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8th Infantry Division

Formed early in July 1950 in the Chunchon area from remnants of the 1st Border Constabulary Brigade and elements of the 2d Border Constabulary Brigade. Morale and effectiveness for the unit were believed low in late 1950 probably due to entering combat understrength and with ill-trained recruits. In 1950 the unit was comprised of the 1st, 2nd, and 3rd Regiments as well as an artillery regiment.

When the 8th Division was activated at Kanghung on about 8 July 1950 from the 1st Border Constabulary Brigade, its organic artillery support consisted of only one artillery battalion in place of the usual divisional artillery regiment. Furthermore, the antitank battalion and self-propelled gun battalion provided for by the T/O and E of the typical North Korean infantry division were both missing from the organizational line-up, The divisional artillery was not brought up to full strength until the middle of July, when two artillery battalions were transferred from the 10th Division; Although the addition of these units brought the divisional artillery up to full personnel strength, artillery weapons still remained far below the authorized amount at the time the division was committed for the first time in the battle for Yech'on.

Of the heavy lossed in artillery personnel and weapons which the inexperienced 8th Division suffered in succeeding engagements at the hands of UN artillery and aircraft, the damage inflicted by an air attack during the battle of Sindok-tong on 9 August was by far the most severe. In that attack the division lost eight 76mm guns, four 122mm howitzors and 12 trucks. A partial compensation occurred soon thereafter, when the unit received six 76mm guns, four 122mm howitzors, four trucks and about 50 replacements.

After firing its last effective supporting mission of the 1950 summer campaign, during the five-day battle of Hwasan-Jong, the divisional artillery became completely disorganized under the impact of the UN counteroffensive. All vehicles and artillery weapons of the division were either buried or simply abandoned through lack of fuel. During its reorganization and retraining phase in the Yandok and Ch'osan Areas, the 8th Division received little artillery equipment and few weapons of heavier calibers, for when it reappeared in the combat zone at Haeju in the latter part of December as part of the North Korean I Corps, it was only equipped, insofar as artillery is concerned, with one 122mm howitzer, one 76m field gun, one 45mm antitank gun and three 82mm mortars.

While committed in the Seoul Sector along thr Imjin River during the spring of 1951m as part of the I Corps, the division sustained considerable personnel casualties and lost a good portion of its scant artillery support including the entire regimental artillery of the 1st Rifle Regiment which was surrounded and completely annihilated on 19 February in the vicinity of Kwangju. Replacements for some of these losses were received prior to the May offensive during which the 8th Division spearhoaded the I Corps assault on Seoul. At that time, according to a captured lieutenant colonel from the division political section, thirteen 82mm mortars; six 12Omm mortars, twelve 45mm antitank guns, ten 76mm field guns and four 122mm howitzers constituted the sum ttal of the artillery weapons at the disposal of the division. Colonel LEE-To-Bin was then the commander of the divisional artillery. Most of these weapons were concentrated at regimental level. In the 3d Regiment, for instance the field artillery battery had a strength of five officers, 13 noncommissioned officers and 52 privates and was equipped with two 76mm field, guns; the regimental mortar company had a strength of fivc officers, 19 noncommissioned officers and 39 privates and was equipped with three or four 12Omm mortars; and the antitank company with a strength of five officers, 14 noncommissioned officers and 28 privates and was armed with four or five 45mm antitank guns. Contrary to normal North Korean practice, all three units had been integrated into an artillery battalion under the command of the regimental artillery officer who was assisted by a staff of five officers and nine noncommissioned officerS. The regimental artillery battalion also includod a command platoon comprised of one officer 9 four honcommissioned officers and 11 privates.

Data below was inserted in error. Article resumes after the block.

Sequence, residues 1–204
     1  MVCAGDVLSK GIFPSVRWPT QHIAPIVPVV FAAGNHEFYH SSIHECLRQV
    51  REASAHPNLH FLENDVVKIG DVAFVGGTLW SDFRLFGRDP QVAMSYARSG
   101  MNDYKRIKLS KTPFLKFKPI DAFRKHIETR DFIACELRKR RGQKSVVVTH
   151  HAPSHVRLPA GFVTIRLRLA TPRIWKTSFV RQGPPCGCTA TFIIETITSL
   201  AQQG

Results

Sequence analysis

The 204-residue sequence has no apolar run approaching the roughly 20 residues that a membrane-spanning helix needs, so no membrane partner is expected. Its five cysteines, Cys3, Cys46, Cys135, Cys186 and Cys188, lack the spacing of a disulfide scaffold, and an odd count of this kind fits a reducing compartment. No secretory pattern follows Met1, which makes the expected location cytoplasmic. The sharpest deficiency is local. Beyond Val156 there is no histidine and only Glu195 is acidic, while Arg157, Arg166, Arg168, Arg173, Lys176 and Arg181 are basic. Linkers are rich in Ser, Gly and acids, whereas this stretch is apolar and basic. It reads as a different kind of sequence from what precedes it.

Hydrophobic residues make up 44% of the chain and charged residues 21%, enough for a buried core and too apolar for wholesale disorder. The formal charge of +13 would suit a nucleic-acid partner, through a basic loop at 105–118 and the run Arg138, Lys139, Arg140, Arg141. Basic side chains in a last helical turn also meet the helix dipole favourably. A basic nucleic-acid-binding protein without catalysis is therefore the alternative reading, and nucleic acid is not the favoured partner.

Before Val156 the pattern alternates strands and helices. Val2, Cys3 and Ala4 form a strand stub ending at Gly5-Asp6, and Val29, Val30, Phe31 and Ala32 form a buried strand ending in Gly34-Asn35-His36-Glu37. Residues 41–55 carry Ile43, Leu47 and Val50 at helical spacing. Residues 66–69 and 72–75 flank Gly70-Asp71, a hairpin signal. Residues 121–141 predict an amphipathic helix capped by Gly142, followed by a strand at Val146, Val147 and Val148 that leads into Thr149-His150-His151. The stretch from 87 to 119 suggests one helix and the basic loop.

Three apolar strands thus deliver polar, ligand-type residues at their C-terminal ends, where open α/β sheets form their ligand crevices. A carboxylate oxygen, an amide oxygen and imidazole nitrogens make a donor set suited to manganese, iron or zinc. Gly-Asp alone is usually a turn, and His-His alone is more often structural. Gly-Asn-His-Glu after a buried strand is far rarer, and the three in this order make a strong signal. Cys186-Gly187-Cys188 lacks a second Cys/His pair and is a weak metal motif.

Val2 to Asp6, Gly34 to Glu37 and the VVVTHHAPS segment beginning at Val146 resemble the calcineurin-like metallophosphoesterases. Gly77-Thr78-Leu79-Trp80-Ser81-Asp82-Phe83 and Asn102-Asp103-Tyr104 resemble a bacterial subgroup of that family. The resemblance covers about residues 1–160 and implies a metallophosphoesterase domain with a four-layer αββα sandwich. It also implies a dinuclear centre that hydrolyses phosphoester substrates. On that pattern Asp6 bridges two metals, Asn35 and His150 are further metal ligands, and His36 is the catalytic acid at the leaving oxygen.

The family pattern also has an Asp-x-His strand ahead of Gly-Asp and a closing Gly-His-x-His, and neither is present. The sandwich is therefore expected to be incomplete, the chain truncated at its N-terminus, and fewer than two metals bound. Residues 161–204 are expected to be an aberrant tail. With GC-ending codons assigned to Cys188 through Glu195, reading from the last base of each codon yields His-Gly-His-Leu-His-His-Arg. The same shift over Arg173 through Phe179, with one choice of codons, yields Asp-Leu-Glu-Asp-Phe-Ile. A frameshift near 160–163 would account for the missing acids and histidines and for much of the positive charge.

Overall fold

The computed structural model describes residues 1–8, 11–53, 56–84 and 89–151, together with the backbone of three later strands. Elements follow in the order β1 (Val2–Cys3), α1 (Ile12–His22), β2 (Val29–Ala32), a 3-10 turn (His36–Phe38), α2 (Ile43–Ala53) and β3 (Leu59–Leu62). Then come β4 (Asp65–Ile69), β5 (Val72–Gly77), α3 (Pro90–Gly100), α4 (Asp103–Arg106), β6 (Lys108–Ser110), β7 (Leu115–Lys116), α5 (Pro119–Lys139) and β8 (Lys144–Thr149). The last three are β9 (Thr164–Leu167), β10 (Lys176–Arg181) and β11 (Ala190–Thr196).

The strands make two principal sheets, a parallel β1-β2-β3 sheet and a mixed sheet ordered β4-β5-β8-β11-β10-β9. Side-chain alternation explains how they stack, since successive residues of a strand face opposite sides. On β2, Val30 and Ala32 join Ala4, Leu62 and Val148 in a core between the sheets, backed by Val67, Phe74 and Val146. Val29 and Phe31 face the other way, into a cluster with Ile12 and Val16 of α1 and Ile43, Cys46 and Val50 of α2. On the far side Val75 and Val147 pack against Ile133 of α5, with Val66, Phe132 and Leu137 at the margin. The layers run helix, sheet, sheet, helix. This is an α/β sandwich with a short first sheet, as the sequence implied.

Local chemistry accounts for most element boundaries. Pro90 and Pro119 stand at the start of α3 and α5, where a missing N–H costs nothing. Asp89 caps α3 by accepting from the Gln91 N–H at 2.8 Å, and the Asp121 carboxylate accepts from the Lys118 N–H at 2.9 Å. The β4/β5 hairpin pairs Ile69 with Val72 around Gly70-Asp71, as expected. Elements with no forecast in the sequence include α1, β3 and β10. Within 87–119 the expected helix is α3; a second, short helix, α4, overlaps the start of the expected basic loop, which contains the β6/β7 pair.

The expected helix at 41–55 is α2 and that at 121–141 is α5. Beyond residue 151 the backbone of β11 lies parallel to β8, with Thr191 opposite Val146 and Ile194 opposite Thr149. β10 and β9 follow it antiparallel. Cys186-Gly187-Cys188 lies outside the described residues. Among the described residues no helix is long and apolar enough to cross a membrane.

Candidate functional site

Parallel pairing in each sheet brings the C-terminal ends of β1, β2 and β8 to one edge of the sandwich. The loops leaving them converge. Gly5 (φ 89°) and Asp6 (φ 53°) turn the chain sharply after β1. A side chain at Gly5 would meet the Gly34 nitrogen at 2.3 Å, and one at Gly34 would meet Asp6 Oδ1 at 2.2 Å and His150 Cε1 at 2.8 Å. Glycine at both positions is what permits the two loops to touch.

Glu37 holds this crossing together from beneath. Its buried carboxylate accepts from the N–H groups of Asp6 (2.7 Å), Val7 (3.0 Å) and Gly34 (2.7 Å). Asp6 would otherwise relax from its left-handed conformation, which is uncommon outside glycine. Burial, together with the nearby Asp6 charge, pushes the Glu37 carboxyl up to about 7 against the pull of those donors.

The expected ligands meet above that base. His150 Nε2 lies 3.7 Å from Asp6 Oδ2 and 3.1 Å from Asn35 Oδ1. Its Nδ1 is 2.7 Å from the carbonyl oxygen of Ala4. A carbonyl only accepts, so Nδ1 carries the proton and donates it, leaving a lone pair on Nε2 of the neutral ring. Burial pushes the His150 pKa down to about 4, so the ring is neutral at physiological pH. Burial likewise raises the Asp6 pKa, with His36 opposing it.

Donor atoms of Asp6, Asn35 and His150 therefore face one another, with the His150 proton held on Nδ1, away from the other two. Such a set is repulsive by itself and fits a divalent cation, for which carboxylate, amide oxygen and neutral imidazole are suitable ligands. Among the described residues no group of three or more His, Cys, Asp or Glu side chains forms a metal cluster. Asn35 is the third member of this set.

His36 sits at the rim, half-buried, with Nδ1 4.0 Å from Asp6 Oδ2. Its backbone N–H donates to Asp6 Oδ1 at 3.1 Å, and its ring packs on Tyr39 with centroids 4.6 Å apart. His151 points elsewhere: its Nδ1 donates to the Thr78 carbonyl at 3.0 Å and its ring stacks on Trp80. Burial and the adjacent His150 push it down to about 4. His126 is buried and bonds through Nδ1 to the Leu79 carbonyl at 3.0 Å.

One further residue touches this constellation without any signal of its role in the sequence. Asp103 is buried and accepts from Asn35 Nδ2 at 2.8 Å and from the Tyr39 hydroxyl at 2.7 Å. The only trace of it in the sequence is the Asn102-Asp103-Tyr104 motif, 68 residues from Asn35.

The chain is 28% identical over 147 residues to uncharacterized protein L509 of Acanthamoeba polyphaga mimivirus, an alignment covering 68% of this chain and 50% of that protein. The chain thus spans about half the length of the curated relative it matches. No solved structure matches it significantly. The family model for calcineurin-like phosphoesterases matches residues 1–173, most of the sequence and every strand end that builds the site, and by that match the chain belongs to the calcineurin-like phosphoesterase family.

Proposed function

During the May offensive the 8th Division, was badly mauled and forced to abandon a major portion of the available artillery weapons in its disorganized withdrawal. While the division was reorganizing and retraining during June in the vicinity of P'yongsan, artillery units were brought up to full strength through the integration of replacements from replacement regiments which were assigned to the I Corps and its subordinate units on 7 June. But artillery weapons remained scarce and were confined to a few 82mm mortars and antitank rifles in each rifle battalion.

During the latter part of July, while policing the conference site at Kaesong the 8th Division received a resupply of ammunition and a new complement of Soviet weapons and equipment designed to provide it with a full table of equipment. However available reports fail to indicate whether all types and calibers of weapons were included and whether they were actually received in sufficient quantities to allocate to each unit its full equipment allowance. Indeed, one source indicates that only small arms and automatic weapons were issued.

The unit is currently believed to be part of the II Army Corps.

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Page last modified: 11-07-2011 15:33:08 ZULU